A privatization plan for Eastern Michigan University’s parking, pitched to the Ypsilanti City Council for approval, was met with opposition from multiple students and faculty.
At one of their bimonthly meetings on Tuesday, March 6, the Ypsilanti City Council was asked to vote on approval for the university’s proposed privatization plan for parking. All 50 seats in the meeting were filled, with a couple people standing in the back.
Due to the parking lots being untaxed, public land, a governmental body’s approval is necessary to keep the land untaxed for the incoming companies. This is due to the Tax Equity and Fiscal Responsibility Act of 1982 (TEFRA), which was passed to eliminate tax loopholes.
Michael Valdes, the chief financial advisor for EMU, as well as Vicki Reaume, the vice president and secretary of the Board of Regents, gave a presentation on the plan. Via PowerPoint, Valdes explained the main factors of the plan, including the companies involved and what it would mean for EMU.
According to Valdes, the plan would be a public-private partnership, with companies Preston Hollow Capital LLC, LAZ Parking and Provident Resources Group serving as the operator, the financer and the concessionaire respectively. The deal would be a 35-year term, with an upfront payment to the university of $55 million. EMU would retain ownership of the assets – something Valdes characterized as different from many other privatization plans.
“This [the plan] is meant to provide a strict and narrow guideline for the concessionaire to operate under,” Valdes said. “Our concerns were primarily reached to the students, because affordability is something that is important to the core mission of EMU and something we’re always mindful of.”
EMU parking pass prices have increased by 16 percent over the last four years, according to Valdes. Under the terms of the agreement, for the first five years, the concessionaire cannot raise the rates more then five percent. For the next thirty years after, they cannot raise it more then four percent.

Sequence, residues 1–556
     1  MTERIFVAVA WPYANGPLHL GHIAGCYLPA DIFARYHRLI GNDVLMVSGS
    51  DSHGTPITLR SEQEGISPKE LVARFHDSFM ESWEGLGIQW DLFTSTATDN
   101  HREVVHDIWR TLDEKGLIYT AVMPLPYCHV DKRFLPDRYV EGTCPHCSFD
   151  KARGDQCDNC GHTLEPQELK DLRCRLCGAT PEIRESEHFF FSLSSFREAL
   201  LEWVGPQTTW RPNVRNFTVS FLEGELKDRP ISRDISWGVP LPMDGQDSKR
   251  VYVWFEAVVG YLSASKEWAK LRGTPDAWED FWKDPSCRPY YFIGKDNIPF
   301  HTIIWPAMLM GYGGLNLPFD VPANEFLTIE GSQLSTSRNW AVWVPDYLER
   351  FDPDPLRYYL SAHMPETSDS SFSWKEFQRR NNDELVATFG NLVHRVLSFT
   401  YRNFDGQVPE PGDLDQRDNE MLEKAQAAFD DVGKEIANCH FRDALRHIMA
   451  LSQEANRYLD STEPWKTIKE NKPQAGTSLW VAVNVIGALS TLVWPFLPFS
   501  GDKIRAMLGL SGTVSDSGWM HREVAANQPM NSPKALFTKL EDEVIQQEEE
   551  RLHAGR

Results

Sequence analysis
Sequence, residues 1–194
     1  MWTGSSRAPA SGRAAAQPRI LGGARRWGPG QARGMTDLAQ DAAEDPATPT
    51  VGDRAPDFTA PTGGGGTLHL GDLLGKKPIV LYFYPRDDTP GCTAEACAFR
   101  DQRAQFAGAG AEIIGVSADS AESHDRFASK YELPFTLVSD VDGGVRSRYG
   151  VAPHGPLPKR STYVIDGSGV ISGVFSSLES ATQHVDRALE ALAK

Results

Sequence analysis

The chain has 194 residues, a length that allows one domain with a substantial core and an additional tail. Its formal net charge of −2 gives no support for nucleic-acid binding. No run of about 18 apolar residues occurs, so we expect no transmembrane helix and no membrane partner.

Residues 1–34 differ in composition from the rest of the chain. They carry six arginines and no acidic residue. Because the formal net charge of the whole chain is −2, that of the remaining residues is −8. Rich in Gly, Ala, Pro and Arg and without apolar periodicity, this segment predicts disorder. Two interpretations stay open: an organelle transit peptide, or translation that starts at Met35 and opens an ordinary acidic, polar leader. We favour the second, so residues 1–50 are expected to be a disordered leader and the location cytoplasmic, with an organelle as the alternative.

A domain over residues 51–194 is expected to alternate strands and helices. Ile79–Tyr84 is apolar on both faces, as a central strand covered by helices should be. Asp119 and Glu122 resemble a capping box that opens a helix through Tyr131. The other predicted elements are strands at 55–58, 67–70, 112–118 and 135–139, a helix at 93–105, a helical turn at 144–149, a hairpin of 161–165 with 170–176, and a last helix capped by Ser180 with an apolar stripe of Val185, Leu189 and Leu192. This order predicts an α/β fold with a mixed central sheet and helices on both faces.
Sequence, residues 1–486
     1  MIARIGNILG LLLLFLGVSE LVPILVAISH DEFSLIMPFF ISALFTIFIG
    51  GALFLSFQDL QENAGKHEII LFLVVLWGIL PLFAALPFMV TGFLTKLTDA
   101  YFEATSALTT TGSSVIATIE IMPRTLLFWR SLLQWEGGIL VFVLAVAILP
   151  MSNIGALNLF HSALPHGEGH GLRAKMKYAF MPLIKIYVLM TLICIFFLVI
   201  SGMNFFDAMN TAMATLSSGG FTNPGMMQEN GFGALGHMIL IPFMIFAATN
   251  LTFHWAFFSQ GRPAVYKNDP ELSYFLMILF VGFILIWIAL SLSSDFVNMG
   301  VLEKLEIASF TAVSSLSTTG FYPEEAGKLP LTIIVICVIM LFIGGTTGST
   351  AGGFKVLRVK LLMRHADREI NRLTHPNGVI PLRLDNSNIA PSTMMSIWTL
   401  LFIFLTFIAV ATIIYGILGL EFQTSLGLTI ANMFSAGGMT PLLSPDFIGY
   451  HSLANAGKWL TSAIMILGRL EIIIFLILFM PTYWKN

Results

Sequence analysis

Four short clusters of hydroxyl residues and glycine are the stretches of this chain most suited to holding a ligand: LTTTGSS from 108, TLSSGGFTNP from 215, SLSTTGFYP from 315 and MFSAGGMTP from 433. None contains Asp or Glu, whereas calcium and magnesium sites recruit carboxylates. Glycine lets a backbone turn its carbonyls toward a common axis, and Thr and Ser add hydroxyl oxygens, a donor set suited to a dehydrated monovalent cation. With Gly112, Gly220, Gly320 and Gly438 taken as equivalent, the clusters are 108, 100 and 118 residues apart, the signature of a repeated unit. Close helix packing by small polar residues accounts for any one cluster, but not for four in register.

A current, resident or commuter-parking pass costs $155 per semester. A five percent raise in that price is $162.75 per semester.
EMU parking is already an income generating operation – according to Valdes, it generates about $2 million in annual profit – but it also ‘creates $750,000 in annual expenditures’, making the actual profit $1.25 million.
“The $55 million [from the plan] is going to be invested in university’s reserves, invested long-term,” Valdes said. “We expect to earn at least a 5 percent annual return…so that would generate $2.5 million of annual income.”
There was a final mention of technologies that could possibly be used to improve the search for a parking space, such as an app that shows where available spaces are.
Students an faculty protesting the implementation of the plan noted multiple concerns. Judy Kullberg, a political science professor at EMU and the president of EMU-AAUP, noted the lack of effort the university put into informing the student and faculty body about the plan.
“The parking agreement was concluded behind closed doors without any consultation,” she said. “Our 21,000 students, 1390 faculty lecturers and many other employees were not consulted about this agreement nor did they give their consent to it.”
Kullberg also pointed out that the council was not given the official text of the agreement, so they can’t be sure if what was told to them was the truth. She provided a copy of the agreement to the council, saying it was leaked to her by an ‘employee of the university.’
EMU senior student Alex Nuttle echoed the same comments, while going on to show concern for the quality of parking at EMU.
“Private parking will only raise costs on the students and decrease parking quality,” he said. “With raising education costs, many of us cannot afford these costs.”
Daric Thorne, the president of EMU’s Federation of Teachers, noted the tense environment on campus due to current economic issues and unhappy employees and students.
“You [the council] has an opportunity to tell EMU to stop, go back to your community and have a conversation with them and let them have a say in how we proceed, let them engage in the democratic process,” he said.
After the public hearing and deliberation from the council members, it was decided that the vote on the plan would be postponed until April 17, two meetings off from March 6.